Campus Watch

As major achievement, Nauni varsity scientists bag International project on oilseed research

Published

on

Nauni varsity scientists bags international project

Solan: Dr YS Parmar University of Horticulture and Forestry (UHF), Nauni, was in news last week after Jagriti Thakur, a research scholar at the varsity, won US-based International Plant Nutrition Institute (IPNI) Scholar Award for the year 2018.

This week, in a major achievement, the scientists of Department of Plant Pathology at the UHF, have bagged an International collaborative project on developing cutting-edge technology for inducing biotic and abiotic stress tolerance in mustard rape for economic and environmental sustainability.

The University will work with nine leading research organisations of the country besides seven renowned research institutes of United Kingdom in the project. The three-year project has a total budget outlay of more than Rs 7.27 crore as Indian component, which will be distributed to the 10 Indian institutes, which are part of the project. Each Indian institute will work on a different aspect of the project with a researcher working on the same area in the UK.

The project has been sanctioned under the prestigious NEWTON BHABHA Fund UK- India Pulses and Oilseed Research Initiative (PORI). The fund has been created by BBSRC of the Government of the United Kingdom and the Department of Biotechnology, Ministry of Science and Technology, GoI.

BBSRC which is a part of UK Research and Innovation, a body which works in partnership with universities, research organisations and government for promoting research and innovation is also making upto £3.5 million available to support the UK components of this research.

Dr HR Gautam, Professor and Head of Department of Plant Pathology informed that Dr Anil Handa, Professor of Plant Pathology will be the Principal Investigator and coordinator of this project while Dr Rajnish Sharma working in the Department of Biotechnology will act as the Co-Investigator.

He added that this achievement is one of the cherished moments in 55 years history of the department. Dr JN Sharma, UHF Director of Research, said that the University is making continuous efforts to get projects from various funding agencies and engage in collaborative work to strengthen the research capabilities and infrastructure.

India is one of the major producers and consumers of oilseeds crops in the world. The university scientists will work on ‘Genomics-led improvement of biotic and abiotic stress tolerance in mustard rape for economic and environmental sustainability’ by utilizing state-of-art advanced molecular approaches like CRISPER/Cas9 for mapping the genes conferring resistance to turnip mosaic virus (TuMV).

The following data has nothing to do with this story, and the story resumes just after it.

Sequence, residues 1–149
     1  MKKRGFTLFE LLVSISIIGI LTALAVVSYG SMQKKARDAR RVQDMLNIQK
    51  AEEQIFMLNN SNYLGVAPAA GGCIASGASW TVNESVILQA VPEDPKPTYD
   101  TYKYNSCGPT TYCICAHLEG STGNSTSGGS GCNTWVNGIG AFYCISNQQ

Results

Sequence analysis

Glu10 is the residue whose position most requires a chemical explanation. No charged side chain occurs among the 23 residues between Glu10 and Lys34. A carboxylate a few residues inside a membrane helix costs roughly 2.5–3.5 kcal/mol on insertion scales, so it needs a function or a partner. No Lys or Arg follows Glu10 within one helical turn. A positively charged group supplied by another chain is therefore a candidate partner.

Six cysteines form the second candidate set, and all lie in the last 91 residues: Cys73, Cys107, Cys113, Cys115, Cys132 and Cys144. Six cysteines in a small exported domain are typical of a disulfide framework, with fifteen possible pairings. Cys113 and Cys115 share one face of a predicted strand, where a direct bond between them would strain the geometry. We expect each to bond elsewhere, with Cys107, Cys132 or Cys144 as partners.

UHF Nauni Lab

The Plant Virology laboratory of the Department of Plant Pathology

The Plant Virology laboratory of the Department of Plant Pathology is an internationally acclaimed laboratory and has facilities for conducting molecular level research for determining the genetic diversity of TuMV in Northern India and developing a panel of Indian TuMV isolates for evaluating European and Indian sources of resistance.

Besides Dr YS Parmar University of Horticulture and Forestry, Nauni, the University of Delhi, South Campus; NIPGR, New Delhi; NBPGR, New Delhi; NRCPB, New Delhi; IARI, New Delhi; PAU, Ludhiana; CAZRI, Jodhpur; DRMR, Bharatpur and IIT Kharagpur will be a part of the project. The University of York, University of Hertfordshire, University of Warwick, University of Essex, Earlham Institute and Rothamsted Research will be the investigators from the United Kingdom.

While congratulating the scientists, UHF Vice-Chancellor Dr HC Sharma said that the project will go a long way in using the latest techniques in biotechnology for disease management to increase the productivity of oilseed crops. This project will also help train our students in using molecular markers for crop improvement.

Through this collaborative project, efforts are being made to encourage multi-institutional collaborations between UK and Indian researchers to undertake high-quality research aimed at increasing crop productivity, resilience, sustainability and quality of pulses and oilseeds grown for food or feed in India. Pulses and oilseeds are important crops in India.

Pulses are relatively under-used crops in the UK but are a major source of dietary protein in India. Oilseeds are grown in both countries and are a valuable source of oil for a variety of uses, as well as animal feed. This collaborative project aims to develop exploit genomic and bioinformatic resources to aid the development of improved varieties for sustainable crop production.

Continue Reading

Campus Watch

Nauni varsity’s Jagriti among world’s 30 research scholars who bagged International Scholar Award

Published

on

Jagriti of UHF nauni get international Scholar award